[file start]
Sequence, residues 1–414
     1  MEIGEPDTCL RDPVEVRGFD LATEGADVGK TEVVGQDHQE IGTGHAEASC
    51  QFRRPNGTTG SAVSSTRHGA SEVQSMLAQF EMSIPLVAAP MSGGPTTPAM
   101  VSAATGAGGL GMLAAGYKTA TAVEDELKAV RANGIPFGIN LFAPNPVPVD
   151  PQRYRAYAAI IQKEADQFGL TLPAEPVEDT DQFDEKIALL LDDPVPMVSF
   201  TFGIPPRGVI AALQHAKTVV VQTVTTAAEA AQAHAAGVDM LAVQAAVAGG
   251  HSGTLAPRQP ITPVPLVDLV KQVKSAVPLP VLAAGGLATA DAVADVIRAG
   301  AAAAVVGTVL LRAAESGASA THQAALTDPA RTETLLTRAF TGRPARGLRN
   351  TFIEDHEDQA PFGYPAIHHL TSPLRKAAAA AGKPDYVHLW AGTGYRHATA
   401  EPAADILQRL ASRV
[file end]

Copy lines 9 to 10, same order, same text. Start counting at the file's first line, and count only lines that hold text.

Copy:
   351  TFIEDHEDQA PFGYPAIHHL TSPLRKAAAA AGKPDYVHLW AGTGYRHATA
   401  EPAADILQRL ASRV